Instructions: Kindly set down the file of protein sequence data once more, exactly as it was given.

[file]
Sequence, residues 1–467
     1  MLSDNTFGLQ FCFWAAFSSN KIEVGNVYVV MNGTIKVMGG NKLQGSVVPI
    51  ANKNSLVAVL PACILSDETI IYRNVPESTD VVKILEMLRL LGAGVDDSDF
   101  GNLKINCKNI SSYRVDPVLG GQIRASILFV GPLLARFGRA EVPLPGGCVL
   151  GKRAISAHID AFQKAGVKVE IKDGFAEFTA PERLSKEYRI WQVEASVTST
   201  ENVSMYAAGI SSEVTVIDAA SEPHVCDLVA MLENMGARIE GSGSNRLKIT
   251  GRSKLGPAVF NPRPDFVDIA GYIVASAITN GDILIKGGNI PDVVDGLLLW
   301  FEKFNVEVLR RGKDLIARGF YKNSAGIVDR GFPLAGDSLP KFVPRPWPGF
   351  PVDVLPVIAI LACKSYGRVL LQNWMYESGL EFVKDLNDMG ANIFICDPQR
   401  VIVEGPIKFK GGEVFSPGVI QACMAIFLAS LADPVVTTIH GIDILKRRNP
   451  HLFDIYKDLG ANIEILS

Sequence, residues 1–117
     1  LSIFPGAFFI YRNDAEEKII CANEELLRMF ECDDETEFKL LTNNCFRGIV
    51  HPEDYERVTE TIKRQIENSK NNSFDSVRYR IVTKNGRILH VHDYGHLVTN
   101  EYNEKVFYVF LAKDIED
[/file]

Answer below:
Sequence, residues 1–467
     1  MLSDNTFGLQ FCFWAAFSSN KIEVGNVYVV MNGTIKVMGG NKLQGSVVPI
    51  ANKNSLVAVL PACILSDETI IYRNVPESTD VVKILEMLRL LGAGVDDSDF
   101  GNLKINCKNI SSYRVDPVLG GQIRASILFV GPLLARFGRA EVPLPGGCVL
   151  GKRAISAHID AFQKAGVKVE IKDGFAEFTA PERLSKEYRI WQVEASVTST
   201  ENVSMYAAGI SSEVTVIDAA SEPHVCDLVA MLENMGARIE GSGSNRLKIT
   251  GRSKLGPAVF NPRPDFVDIA GYIVASAITN GDILIKGGNI PDVVDGLLLW
   301  FEKFNVEVLR RGKDLIARGF YKNSAGIVDR GFPLAGDSLP KFVPRPWPGF
   351  PVDVLPVIAI LACKSYGRVL LQNWMYESGL EFVKDLNDMG ANIFICDPQR
   401  VIVEGPIKFK GGEVFSPGVI QACMAIFLAS LADPVVTTIH GIDILKRRNP
   451  HLFDIYKDLG ANIEILS

Sequence, residues 1–117
     1  LSIFPGAFFI YRNDAEEKII CANEELLRMF ECDDETEFKL LTNNCFRGIV
    51  HPEDYERVTE TIKRQIENSK NNSFDSVRYR IVTKNGRILH VHDYGHLVTN
   101  EYNEKVFYVF LAKDIED